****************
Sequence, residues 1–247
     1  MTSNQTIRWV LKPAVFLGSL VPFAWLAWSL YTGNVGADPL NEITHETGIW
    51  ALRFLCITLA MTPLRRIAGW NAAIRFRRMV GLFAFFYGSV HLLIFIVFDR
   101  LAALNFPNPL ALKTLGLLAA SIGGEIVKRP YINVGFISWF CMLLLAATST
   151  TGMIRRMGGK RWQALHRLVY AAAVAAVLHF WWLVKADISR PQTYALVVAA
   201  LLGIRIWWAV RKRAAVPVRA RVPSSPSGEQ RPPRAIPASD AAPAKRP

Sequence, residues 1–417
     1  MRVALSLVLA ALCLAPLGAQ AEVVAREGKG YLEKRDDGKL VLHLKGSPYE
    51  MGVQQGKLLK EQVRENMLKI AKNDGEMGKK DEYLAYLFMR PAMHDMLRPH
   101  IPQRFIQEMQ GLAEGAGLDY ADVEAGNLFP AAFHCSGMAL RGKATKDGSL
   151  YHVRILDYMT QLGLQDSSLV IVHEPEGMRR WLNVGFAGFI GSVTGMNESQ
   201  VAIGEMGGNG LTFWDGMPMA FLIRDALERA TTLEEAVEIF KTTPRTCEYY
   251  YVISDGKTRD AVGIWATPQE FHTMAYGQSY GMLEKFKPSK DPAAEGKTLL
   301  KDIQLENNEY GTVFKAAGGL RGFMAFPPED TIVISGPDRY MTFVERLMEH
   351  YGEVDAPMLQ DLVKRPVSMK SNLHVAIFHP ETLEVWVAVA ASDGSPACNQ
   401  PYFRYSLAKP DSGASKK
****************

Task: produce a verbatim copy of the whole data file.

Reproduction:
Sequence, residues 1–247
     1  MTSNQTIRWV LKPAVFLGSL VPFAWLAWSL YTGNVGADPL NEITHETGIW
    51  ALRFLCITLA MTPLRRIAGW NAAIRFRRMV GLFAFFYGSV HLLIFIVFDR
   101  LAALNFPNPL ALKTLGLLAA SIGGEIVKRP YINVGFISWF CMLLLAATST
   151  TGMIRRMGGK RWQALHRLVY AAAVAAVLHF WWLVKADISR PQTYALVVAA
   201  LLGIRIWWAV RKRAAVPVRA RVPSSPSGEQ RPPRAIPASD AAPAKRP

Sequence, residues 1–417
     1  MRVALSLVLA ALCLAPLGAQ AEVVAREGKG YLEKRDDGKL VLHLKGSPYE
    51  MGVQQGKLLK EQVRENMLKI AKNDGEMGKK DEYLAYLFMR PAMHDMLRPH
   101  IPQRFIQEMQ GLAEGAGLDY ADVEAGNLFP AAFHCSGMAL RGKATKDGSL
   151  YHVRILDYMT QLGLQDSSLV IVHEPEGMRR WLNVGFAGFI GSVTGMNESQ
   201  VAIGEMGGNG LTFWDGMPMA FLIRDALERA TTLEEAVEIF KTTPRTCEYY
   251  YVISDGKTRD AVGIWATPQE FHTMAYGQSY GMLEKFKPSK DPAAEGKTLL
   301  KDIQLENNEY GTVFKAAGGL RGFMAFPPED TIVISGPDRY MTFVERLMEH
   351  YGEVDAPMLQ DLVKRPVSMK SNLHVAIFHP ETLEVWVAVA ASDGSPACNQ
   401  PYFRYSLAKP DSGASKK